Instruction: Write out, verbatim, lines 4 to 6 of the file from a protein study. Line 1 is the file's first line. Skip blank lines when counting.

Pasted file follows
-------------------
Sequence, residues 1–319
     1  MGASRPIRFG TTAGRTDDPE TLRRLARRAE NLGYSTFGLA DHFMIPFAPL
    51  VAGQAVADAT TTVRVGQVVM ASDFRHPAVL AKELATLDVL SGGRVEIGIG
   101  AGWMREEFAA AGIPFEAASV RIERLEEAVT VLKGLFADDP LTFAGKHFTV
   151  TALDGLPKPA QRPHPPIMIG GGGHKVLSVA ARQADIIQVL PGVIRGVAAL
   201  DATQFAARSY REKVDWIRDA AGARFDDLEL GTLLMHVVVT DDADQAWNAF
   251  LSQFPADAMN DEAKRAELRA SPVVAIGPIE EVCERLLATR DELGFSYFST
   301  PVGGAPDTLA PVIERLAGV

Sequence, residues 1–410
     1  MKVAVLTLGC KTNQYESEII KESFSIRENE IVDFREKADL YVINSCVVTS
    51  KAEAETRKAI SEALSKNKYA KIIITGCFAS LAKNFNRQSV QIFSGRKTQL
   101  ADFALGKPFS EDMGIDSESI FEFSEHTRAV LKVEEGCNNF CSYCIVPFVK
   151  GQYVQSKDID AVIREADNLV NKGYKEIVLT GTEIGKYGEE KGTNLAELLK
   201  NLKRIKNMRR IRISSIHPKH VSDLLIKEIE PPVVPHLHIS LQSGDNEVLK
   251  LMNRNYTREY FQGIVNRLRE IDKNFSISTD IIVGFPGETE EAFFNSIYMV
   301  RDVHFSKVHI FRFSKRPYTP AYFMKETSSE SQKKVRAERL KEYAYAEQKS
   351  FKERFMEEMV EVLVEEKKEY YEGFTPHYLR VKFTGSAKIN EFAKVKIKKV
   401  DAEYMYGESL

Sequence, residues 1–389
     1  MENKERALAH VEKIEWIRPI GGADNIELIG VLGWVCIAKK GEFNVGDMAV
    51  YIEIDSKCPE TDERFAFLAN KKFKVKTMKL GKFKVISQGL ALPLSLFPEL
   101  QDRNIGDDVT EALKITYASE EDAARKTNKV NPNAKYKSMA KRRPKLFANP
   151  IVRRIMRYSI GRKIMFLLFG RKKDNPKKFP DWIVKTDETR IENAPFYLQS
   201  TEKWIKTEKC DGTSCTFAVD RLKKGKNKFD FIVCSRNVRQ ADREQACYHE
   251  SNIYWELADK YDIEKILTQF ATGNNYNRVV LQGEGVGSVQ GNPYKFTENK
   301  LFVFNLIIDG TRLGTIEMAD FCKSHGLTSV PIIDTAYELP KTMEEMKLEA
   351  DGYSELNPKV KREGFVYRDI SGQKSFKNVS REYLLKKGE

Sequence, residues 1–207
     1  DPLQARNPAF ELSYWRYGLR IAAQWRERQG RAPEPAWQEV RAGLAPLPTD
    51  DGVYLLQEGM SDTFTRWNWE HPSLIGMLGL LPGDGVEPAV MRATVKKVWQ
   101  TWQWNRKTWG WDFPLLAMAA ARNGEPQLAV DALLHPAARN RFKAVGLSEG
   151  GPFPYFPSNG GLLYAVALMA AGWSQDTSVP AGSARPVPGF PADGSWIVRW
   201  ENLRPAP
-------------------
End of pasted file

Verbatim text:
   101  AGWMREEFAA AGIPFEAASV RIERLEEAVT VLKGLFADDP LTFAGKHFTV
   151  TALDGLPKPA QRPHPPIMIG GGGHKVLSVA ARQADIIQVL PGVIRGVAAL
   201  DATQFAARSY REKVDWIRDA AGARFDDLEL GTLLMHVVVT DDADQAWNAF